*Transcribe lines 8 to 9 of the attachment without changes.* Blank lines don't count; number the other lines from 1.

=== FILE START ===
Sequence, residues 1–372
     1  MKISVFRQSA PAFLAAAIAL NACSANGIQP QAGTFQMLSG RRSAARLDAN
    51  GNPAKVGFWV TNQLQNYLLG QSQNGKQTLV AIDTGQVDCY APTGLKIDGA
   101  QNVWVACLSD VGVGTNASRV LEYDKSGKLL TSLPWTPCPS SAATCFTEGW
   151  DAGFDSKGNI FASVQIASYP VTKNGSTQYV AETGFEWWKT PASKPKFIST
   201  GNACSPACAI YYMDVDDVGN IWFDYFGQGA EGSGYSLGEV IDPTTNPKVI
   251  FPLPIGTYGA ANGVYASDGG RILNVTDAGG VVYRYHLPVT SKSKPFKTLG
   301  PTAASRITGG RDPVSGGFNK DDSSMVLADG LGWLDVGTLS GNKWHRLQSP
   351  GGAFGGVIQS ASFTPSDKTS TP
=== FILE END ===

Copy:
   301  PTAASRITGG RDPVSGGFNK DDSSMVLADG LGWLDVGTLS GNKWHRLQSP
   351  GGAFGGVIQS ASFTPSDKTS TP